TL;DR: The 2010 Nagoya Protocol under the Convention on Biological Diversity and recent changes in the policies of major international conservation organizations highlight current interest in revisiting the moral case for conservation as mentioned in this paper.
Abstract: The 2010 Nagoya Protocol under the Convention on Biological Diversity and recent changes in the policies of major international conservation organizations highlight current interest in revisiting the moral case for conservation. Concerns with equity and human rights challenge well-established notions of justice centered on human responsibility toward nature, the common good or the rights of future generations. This review introduces an empirical approach to the analysis of justice and shows how conservation scientists can apply it to ecosystem services-based governance (or in short, ecosystem governance). It identifies dominant notions of justice and points out their compatibility with utilitarian theories of justice. It then discusses the limited appropriateness of these notions in many contexts in which conservation takes place in the Global South and explores how technical components of ecosystem governance influence the realization of the notions in practice. The review highlights the need for conservation scientists and managers to analyze the justice of ecosystem governance in addition to their effectiveness and efficiency. Justice offers a more encompassing perspective than equity for the empirical analysis of conservation governance.
TL;DR: The article lays out the details of the exchange relationships between providers and users of genetic resources and traditional knowledge, and elaborates reform suggestions for national legislation of both provider and user states implementing the Nagoya Protocol.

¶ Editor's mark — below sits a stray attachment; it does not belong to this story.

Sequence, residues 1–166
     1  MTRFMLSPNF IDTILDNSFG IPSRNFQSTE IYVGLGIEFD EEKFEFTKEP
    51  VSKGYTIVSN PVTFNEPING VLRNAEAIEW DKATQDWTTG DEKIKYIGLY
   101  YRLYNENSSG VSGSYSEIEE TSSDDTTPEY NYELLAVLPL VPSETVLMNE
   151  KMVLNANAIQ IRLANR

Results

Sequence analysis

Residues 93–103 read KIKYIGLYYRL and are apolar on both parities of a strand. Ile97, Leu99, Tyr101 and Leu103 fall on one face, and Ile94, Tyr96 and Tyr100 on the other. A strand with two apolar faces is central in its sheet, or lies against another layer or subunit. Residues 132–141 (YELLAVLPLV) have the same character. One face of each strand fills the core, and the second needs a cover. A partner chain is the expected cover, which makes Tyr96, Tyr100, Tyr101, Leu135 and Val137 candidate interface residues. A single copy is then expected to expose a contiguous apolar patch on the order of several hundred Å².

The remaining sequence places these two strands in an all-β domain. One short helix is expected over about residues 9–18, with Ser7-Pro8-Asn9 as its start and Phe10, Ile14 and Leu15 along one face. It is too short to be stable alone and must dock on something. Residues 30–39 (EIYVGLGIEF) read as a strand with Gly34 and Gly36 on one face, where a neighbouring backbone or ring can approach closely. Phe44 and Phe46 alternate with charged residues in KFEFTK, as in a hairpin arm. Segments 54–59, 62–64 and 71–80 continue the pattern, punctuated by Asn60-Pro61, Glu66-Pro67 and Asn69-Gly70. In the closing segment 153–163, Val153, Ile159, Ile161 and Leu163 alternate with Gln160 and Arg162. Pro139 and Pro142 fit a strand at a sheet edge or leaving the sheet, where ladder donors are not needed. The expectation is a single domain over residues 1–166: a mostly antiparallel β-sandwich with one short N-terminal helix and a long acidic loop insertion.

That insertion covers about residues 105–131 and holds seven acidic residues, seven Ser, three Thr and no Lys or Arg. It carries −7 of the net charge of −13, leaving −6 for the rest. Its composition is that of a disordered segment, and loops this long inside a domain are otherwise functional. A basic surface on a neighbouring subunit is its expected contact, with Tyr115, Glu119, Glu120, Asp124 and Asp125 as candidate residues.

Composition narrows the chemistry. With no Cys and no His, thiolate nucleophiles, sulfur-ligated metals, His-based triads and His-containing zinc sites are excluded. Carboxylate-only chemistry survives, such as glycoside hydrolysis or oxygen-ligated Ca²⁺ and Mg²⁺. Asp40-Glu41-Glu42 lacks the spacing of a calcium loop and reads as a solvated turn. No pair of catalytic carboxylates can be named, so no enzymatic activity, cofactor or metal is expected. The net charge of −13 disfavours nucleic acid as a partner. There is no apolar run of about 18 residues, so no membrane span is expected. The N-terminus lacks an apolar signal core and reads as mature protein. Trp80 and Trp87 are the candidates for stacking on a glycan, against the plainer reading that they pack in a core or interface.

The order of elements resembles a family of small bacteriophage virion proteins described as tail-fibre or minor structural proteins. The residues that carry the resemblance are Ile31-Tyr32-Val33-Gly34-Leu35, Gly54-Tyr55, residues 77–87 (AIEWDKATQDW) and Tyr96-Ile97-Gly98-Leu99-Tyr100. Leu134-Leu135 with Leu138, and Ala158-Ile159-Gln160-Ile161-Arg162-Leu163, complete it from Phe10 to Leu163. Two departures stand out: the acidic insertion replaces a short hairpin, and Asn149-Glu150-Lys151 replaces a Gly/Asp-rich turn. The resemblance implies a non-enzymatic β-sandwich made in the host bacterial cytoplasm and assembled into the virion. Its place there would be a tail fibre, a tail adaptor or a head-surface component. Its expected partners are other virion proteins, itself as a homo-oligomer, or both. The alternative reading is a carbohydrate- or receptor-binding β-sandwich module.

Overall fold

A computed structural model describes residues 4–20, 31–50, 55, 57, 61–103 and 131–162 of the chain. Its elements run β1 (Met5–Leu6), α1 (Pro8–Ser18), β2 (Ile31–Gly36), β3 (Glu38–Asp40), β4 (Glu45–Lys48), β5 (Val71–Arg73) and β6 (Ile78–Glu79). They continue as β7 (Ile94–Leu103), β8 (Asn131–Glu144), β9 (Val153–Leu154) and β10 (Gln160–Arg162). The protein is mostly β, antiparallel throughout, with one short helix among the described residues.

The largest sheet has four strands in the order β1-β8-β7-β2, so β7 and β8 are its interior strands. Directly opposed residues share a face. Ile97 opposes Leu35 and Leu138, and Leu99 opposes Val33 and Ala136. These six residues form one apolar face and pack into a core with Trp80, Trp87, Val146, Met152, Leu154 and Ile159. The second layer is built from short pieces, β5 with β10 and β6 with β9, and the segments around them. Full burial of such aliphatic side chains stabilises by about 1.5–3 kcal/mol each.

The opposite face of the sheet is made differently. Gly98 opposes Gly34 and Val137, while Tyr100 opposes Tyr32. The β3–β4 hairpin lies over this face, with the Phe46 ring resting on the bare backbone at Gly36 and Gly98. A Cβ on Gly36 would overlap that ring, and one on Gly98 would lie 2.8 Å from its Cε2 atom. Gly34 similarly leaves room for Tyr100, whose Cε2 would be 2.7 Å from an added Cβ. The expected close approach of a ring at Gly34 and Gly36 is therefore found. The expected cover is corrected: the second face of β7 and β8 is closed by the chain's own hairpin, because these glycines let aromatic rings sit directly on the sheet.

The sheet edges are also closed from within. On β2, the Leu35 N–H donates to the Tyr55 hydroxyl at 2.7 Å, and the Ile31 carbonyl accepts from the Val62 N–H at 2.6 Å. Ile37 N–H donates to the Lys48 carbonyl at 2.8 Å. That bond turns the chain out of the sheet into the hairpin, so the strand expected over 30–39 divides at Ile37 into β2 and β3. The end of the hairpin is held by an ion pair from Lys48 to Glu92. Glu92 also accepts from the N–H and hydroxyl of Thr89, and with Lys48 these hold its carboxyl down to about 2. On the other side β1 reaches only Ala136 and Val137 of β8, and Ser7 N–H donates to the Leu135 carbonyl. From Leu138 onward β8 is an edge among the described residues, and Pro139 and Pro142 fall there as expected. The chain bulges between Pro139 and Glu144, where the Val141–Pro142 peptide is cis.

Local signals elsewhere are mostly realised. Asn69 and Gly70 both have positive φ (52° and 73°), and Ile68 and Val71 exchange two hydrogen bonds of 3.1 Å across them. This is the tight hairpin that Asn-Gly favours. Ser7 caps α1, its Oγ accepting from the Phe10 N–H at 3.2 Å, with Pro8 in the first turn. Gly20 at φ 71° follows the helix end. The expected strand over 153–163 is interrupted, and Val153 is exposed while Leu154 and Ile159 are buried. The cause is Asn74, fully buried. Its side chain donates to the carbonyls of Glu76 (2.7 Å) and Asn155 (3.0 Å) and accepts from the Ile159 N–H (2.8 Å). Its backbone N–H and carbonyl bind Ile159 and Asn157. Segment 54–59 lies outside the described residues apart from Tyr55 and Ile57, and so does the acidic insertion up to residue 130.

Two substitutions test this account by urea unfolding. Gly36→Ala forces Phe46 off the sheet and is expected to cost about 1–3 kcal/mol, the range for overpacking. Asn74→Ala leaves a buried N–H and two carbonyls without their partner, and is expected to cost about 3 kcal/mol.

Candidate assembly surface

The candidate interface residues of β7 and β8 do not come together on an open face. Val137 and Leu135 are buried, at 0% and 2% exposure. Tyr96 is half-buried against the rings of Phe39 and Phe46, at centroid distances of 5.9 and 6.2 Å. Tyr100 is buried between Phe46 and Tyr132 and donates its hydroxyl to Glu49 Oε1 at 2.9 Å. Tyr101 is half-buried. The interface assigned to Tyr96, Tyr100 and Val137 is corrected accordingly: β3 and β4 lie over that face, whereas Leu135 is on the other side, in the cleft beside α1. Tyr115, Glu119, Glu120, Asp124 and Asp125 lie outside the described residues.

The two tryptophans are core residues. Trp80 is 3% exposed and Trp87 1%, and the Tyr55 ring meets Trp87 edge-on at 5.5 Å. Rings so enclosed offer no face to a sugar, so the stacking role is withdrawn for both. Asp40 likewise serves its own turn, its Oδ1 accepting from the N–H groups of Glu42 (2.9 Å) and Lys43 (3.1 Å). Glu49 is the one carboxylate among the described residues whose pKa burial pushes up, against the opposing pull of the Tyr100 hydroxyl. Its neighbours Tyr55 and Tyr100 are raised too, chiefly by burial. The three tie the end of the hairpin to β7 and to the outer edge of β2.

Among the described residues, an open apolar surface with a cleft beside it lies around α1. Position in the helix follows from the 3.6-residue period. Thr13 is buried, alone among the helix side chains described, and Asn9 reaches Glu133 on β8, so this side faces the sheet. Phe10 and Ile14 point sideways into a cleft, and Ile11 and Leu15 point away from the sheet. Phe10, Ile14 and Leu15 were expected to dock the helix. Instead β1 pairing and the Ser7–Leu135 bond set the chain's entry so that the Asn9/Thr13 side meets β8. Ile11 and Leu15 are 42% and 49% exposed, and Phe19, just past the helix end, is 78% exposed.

Abstract: According to the Convention on Biological Biodiversity, as specified by the Nagoya Protocol of 2010 states have sovereign rights over their genetic resources. They are entitled to regulate the access to them and ask for the sharing of benefits drawn from them. A similar regime applies to traditional knowledge associated with genetic resources that is held by local and indigenous communities. The article lays out the details of the exchange relationships between providers and users of genetic resources and traditional knowledge, and elaborates reform suggestions for national legislation of both provider and user states implementing the Protocol.
TL;DR: This work suggests ways that the Conference of the Parties of the CBD may proactively engage scientists to create a regulatory environment conducive to advancing biodiversity science.
Abstract: The Convention on Biological Diversity (CBD) commits its 196 nation parties to conserve biological diversity, use its components sustainably, and share fairly and equitably the benefits from the utilization of genetic resources. The last of these objectives was further codified in the Convention's Nagoya Protocol (NP), which came into effect in 2014. Although these aspirations are laudable, the NP and resulting national ambitions on Access and Benefit Sharing (ABS) of genetic resources have generated several national regulatory regimes fraught with unintended consequences ( 1 ). Anticipated benefits from the commercial use of genetic resources, especially those that might flow to local or indigenous communities because of regulated access to those resources, have largely been exaggerated and not yet realized. Instead, national regulations created in anticipation of commercial benefits, particularly in many countries that are rich in biodiversity, have curtailed biodiversity research by in-country scientists as well as international collaboration ( 1 ). This weakens the first and foremost objective of the CBD—conservation of biological diversity. We suggest ways that the Conference of the Parties (CoP) of the CBD may proactively engage scientists to create a regulatory environment conducive to advancing biodiversity science.